Assassin Picture of the Week

2014 November 15

ASASSN-13co: Type-Defying Luminous Type II Supernova

ASASSN-13co was discovered on August 30th, 2013, one of two SNe we discovered that day, which still doesn't happen for us that often. Our 9th supernova discovery, ASASSN-13co, was also our first non-Type Ia supernova, and was about 90 Megaparsecs away, quite a bit further than we expected to find core-collapse Type IIP SNe. We have obtained extensive follow-up data for that event, and our results were just reported in Holoien et al. (2013c) paper (see also Tom's OSU Astronomy Coffee Brief for additional details).

We compared ASASSN-13co to other Type II supernovae and showed that it was a unique event that was not only unusually bright for a Type II supernova but also exhibited an atypical light curve shape that does not cleanly match that of either a standard Type II-L or Type II-P supernova. The fact that we are discovering such unusual events so early in our project is again very encouraging, as it means that we are already exploring new discovery space. Stay tuned for other unusual ASAS-SN events to be reported!

Back to ASAS-SN page.

See previous APOWs:

Bright Supernova Discoveries Statistics

Bright Supernovae: ASAS-SN Contribution

Our Big Boom: ASASSN-14cl

First Light on the Small Magellanic Cloud from Chile

Congratulations to Tom and Jacob!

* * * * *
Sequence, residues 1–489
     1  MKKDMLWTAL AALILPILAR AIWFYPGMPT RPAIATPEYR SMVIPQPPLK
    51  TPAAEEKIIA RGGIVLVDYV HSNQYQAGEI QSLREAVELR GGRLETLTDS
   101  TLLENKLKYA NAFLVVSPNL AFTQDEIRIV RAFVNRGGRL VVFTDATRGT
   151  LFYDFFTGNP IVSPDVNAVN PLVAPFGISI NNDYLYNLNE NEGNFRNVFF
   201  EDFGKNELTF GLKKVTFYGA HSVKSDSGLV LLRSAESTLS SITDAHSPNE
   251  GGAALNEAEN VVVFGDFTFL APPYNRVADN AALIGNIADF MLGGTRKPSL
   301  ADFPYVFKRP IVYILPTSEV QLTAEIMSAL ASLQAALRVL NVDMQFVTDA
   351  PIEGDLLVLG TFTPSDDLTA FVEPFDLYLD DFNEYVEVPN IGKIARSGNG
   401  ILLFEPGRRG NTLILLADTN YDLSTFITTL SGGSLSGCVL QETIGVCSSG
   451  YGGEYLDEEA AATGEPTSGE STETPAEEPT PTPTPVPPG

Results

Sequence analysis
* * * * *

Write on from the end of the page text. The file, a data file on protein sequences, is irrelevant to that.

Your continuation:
ASASSN-13dn: Spectra from a New Instrument

ASASSN-14ae, A Very Luminous Transient

Our Latest Paper, in Video Form

Host Galaxies of ASAS-SN Supernovae

Back in Real-Time Discovery Business!

We Have a Logo!

Active (Some Less, Some More) Galactic Nuclei with ASAS-SN

Brutus is EXPANDING!

Swift Ultraviolet and Optical Follow-Up of ASASSN-13dl, Our Latest Supernova

Dramatic AGN Outburst in NGC 2617

M81 and Friends

Two ASAS-SN Views of Orion Nebula

AAVSO Observations of Cataclysmic Variable ASASSN-13ck

Two ASAS-SN Supernovae in One Day!

It is Good to be Lucky!

Extreme M-dwarf Flare Observed by ASAS-SN;

Neptune Discovered!

Multiband photometric follow-up of ASASSN-13aw (SN 2013dr);

"Assassin" Unit 1: Brutus;

How ASAS-SN Discovers Supernovae: Case of Supernova ASASSN-13bb;

NGC 2617: Dramatic Seyfert Type Change;

ASASSN-13/SN 2013da: Our First Supernova Three Weeks Later;

M31 and Companions;

This homepage is maintained by Tom Holoien, Ben Shappee and Kris Stanek. Updated Sat Nov 15 10:46:33 EST 2014

eXTReMe Tracker